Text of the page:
“Public history describes the many and diverse ways in which history is put to work in the world.” – NCPH

Every historical marker by the roadside, every war memorial, every historical article in a magazine, every exhibition at a historical society is an act of public history.

  • How does public history differ from — but grow out of — academic history?
  • How can we communicate ideas about history effectively to a broad audience?
  • What is the purpose?

Look for these questions throughout the History department’s public history “threads.”

What is a thread?

A thread lets you knit together courses on a wide array of topics that share a common interest in the problems and techniques of public history. Lower key than a formal field, this is a purely optional way of pursuing public history that introduces you to an exciting range of issues, analysis, and assignments, all of which connect to the common theme.

Public History courses: Winter, 2018-2019

History 204 Jews, Christians and Muslims in the Medieval Mediterranean. The Mediterranean was a dynamic hub of cultural exchange in the Middle Ages. We will draw on Jewish, Muslim, and Latin Christian sources to explore this contact from 1050-1492 and the role of the sea itself in joining and separating the peoples who surrounded it. What did it mean to be a Muslim pilgrim in Christian-held Palestine? A Jewish vizier serving a Muslim ruler in Spain? A Christian courtier courting martyrdom in North Africa? We will explore lives led between coexistence and violence, intellectual and legal structures that helped to negotiate difference, and the textures of daily life. Victoria Morse

History 216 History Beyond the Walls. What kind of country turns a president’s teeth into jewelry? Must we dismember to remember?  America has always struggled with how to publicize the past; in this course we’ll cover the theory and the practice of that struggle, with a focus on museums (Enola Gay: yes or no?), collections (from skulls to placemats), and monuments (both celebrated and contested).  And the 19th Amendment turns 100 in 2020, so for civic engagement we’ll go beyond Carleton’s walls and work with the League of Women Voters on how to commemorate the event. Serena Zabin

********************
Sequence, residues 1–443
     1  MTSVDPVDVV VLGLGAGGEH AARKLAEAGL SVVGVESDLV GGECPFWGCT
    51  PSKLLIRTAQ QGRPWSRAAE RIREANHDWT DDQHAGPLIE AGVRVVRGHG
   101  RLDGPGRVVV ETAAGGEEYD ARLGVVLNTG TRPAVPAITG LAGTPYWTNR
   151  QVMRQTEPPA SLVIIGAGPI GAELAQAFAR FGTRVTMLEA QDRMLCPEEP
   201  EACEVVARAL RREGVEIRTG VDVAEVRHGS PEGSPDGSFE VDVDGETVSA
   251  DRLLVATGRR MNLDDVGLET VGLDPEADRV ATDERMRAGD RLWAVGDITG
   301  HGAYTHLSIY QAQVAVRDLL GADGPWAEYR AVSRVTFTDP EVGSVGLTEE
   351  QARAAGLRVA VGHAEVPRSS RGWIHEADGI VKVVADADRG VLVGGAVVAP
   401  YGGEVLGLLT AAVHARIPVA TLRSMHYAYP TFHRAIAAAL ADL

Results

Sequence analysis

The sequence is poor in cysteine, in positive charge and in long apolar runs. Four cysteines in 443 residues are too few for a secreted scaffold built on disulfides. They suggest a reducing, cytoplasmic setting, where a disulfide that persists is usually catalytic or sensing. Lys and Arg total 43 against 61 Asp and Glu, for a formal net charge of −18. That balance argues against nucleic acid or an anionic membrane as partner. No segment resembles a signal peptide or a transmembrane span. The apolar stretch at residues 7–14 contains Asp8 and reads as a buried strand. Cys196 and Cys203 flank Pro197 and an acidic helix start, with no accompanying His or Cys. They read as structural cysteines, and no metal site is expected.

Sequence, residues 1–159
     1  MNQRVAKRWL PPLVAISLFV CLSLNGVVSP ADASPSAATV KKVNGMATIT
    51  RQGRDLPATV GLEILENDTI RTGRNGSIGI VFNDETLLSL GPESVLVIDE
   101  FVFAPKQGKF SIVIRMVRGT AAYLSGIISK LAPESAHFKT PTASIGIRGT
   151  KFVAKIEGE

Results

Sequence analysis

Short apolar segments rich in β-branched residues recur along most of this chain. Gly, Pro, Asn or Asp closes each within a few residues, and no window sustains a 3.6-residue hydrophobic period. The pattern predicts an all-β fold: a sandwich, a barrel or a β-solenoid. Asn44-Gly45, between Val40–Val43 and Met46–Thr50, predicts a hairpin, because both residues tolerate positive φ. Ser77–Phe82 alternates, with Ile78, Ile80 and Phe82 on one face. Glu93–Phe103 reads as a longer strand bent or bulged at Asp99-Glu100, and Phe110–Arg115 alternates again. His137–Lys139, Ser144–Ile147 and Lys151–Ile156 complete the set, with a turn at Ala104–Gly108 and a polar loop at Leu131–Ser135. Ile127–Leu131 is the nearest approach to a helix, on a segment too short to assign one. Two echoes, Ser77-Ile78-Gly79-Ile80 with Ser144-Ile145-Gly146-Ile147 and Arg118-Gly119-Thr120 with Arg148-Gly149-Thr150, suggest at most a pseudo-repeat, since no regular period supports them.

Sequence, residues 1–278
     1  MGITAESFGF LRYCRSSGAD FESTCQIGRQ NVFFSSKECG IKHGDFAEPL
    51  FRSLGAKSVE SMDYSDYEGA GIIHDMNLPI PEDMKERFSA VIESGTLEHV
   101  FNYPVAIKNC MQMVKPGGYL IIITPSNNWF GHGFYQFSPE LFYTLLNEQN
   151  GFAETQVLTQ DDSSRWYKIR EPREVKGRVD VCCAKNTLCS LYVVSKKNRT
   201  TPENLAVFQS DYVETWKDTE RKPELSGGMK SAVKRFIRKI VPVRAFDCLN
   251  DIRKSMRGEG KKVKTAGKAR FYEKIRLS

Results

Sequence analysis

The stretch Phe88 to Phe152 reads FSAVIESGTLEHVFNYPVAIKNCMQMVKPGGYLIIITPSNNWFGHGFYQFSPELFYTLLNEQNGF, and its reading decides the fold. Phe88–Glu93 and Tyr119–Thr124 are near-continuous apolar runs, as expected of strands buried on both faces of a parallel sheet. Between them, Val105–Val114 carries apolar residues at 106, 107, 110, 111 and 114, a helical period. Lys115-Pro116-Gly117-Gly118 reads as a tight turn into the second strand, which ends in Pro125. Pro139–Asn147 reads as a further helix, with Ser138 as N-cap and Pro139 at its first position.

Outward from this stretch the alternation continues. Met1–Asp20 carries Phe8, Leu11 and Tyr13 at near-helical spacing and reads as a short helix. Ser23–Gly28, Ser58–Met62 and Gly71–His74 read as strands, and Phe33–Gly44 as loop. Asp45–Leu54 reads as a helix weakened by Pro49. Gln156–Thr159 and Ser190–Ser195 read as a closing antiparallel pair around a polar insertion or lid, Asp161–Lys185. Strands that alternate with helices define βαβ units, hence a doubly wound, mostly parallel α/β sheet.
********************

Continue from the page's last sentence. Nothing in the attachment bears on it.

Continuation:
History 262 Public Health: History, Policy, Practice. This course examines the rise of the institution of public health in the modern period. Locating public health within the social history of medicine we will consider how concepts of health and disease have changed over time and how the modern state’s concern with the health of its population cannot be separated from its need to survey, police, and discipline the public. Topics covered will include miasma, contagion, quarantine, vaccination and the connection between European imperialism and the institutionalization of public health in colonial contexts. We will also consider how certain epidemics became the major drivers for public health. Amna Khalid

Additional Public History courses

History 100 – Soot, Smog and Satanic Mills
History 202 – Icons, Iconcoclasm
History 203 – Icons for All
History 231 – Mapping Before Mercator
History 235 – Bringing the English Past to (Virtual) Life

Public History / Digital Humanities Resources


Please contact Victoria Morse, Susannah Ottaway, or Serena Zabin.